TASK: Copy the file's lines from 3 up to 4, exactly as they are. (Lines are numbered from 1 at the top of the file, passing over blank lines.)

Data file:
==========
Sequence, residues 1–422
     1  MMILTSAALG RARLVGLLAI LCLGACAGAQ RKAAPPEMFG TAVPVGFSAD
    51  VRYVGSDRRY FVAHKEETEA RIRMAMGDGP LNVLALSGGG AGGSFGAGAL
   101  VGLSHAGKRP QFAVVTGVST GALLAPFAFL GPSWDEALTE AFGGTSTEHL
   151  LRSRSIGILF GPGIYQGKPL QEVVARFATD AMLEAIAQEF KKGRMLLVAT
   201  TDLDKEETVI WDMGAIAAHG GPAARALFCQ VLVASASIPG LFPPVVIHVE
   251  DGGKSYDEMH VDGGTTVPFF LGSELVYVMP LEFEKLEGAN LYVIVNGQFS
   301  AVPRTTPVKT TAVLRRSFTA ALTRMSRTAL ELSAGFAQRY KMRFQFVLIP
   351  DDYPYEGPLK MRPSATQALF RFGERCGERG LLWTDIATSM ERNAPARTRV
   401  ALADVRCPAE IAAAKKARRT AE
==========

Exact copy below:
    51  VRYVGSDRRY FVAHKEETEA RIRMAMGDGP LNVLALSGGG AGGSFGAGAL
   101  VGLSHAGKRP QFAVVTGVST GALLAPFAFL GPSWDEALTE AFGGTSTEHL